John 14:7 Commentary - Expository Notes with Practical Observations on the New TestamentObserve here, 1. What a gross conception the apostles had, and St. Philip in particular, of the divine nature and being, as if God the Father could be seen with mortal eyes. Shew us the Father, and it sufficeth us. It is not easy to determine what degrees of ignorance may consist with saving grace; doubtless, as the degrees of revelation and means of knowledge are more or less, so a person's ignorance is more or less excusable before God.
Observe, 2. How meekly our Saviour reproves their ignorance, Have I been so long time with you, and yet hast thou not known me, Philip? and then proceeds to instruct them in, and farther acquaint them with, the oneness of himself with the Father, and the personal union of the divine and human nature in himself.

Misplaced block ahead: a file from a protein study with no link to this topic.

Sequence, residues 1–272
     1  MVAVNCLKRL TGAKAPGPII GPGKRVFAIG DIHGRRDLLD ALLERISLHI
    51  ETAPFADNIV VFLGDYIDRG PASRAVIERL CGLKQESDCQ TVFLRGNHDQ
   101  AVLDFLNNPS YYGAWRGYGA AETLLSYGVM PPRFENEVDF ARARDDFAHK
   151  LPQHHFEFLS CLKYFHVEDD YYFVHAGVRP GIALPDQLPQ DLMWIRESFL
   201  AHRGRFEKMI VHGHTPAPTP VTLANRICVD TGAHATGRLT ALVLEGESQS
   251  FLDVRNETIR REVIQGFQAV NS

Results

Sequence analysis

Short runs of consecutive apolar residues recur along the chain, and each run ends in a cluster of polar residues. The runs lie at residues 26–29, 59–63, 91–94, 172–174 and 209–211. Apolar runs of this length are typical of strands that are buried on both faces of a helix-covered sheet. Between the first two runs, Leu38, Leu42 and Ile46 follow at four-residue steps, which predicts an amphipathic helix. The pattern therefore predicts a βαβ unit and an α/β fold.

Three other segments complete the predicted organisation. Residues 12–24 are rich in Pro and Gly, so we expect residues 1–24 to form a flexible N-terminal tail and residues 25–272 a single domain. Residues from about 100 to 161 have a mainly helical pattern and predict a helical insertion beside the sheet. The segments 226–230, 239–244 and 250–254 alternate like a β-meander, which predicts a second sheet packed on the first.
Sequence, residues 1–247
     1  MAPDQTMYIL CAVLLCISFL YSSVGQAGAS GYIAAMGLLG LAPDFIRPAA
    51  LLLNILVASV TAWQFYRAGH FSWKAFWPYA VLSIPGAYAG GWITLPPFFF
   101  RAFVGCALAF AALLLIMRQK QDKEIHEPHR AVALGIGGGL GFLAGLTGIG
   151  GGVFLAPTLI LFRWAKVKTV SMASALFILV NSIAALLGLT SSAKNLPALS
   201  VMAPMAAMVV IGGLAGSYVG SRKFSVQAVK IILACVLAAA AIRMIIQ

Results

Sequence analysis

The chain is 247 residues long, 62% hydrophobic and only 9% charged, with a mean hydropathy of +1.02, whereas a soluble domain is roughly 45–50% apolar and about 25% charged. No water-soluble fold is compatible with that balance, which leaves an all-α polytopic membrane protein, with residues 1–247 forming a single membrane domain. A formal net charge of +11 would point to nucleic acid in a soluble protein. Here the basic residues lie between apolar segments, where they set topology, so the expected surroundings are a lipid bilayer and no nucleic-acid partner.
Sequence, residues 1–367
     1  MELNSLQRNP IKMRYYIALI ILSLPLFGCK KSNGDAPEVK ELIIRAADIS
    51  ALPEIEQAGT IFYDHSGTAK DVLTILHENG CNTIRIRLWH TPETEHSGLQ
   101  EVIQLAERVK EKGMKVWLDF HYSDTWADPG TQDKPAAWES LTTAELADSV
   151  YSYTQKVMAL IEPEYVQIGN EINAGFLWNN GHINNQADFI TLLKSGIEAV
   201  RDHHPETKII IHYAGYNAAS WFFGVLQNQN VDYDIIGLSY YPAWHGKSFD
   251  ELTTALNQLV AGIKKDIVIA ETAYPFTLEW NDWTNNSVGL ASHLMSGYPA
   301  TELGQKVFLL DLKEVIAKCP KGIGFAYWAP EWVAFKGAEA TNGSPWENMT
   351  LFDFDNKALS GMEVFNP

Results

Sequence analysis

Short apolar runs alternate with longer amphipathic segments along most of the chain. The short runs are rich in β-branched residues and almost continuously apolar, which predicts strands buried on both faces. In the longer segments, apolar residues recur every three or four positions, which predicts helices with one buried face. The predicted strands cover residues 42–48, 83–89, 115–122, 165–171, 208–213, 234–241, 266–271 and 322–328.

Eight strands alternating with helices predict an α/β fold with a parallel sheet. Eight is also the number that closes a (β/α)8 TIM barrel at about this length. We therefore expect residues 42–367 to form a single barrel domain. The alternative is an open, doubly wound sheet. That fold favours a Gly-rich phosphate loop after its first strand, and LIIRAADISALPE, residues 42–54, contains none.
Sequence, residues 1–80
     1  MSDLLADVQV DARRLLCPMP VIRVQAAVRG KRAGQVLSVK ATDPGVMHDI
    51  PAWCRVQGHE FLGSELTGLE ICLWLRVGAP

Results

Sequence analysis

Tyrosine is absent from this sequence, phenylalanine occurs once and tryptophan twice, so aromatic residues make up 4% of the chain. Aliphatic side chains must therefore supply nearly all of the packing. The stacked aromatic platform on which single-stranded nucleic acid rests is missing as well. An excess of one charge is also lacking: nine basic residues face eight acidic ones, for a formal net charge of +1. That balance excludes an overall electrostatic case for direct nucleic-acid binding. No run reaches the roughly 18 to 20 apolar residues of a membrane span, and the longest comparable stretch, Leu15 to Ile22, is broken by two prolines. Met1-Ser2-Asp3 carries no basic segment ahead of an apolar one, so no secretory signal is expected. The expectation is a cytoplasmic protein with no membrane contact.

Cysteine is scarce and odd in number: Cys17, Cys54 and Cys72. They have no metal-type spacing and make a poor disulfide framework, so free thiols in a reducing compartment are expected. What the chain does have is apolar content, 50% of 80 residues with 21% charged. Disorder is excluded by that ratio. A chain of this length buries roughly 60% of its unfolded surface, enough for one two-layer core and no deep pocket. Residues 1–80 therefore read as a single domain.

Learn hence, That the Father being invisible in his essence, to know or see him with mortal, bodily eyes is impossible; but he was seen in his Son, who is the express image of the Father, being one in essence with him, and one in operation also: He that hath seen me, hath seen the Father.
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Expository Notes with Practical Observations on the New Testament
William Burkitt (1650 - 1703) was a Church of England clergyman, bible expositor, and devotional writer.
Volume 1: Matthew - John, was published in 1700.
Volume 2: Acts - Revelation was published 1703.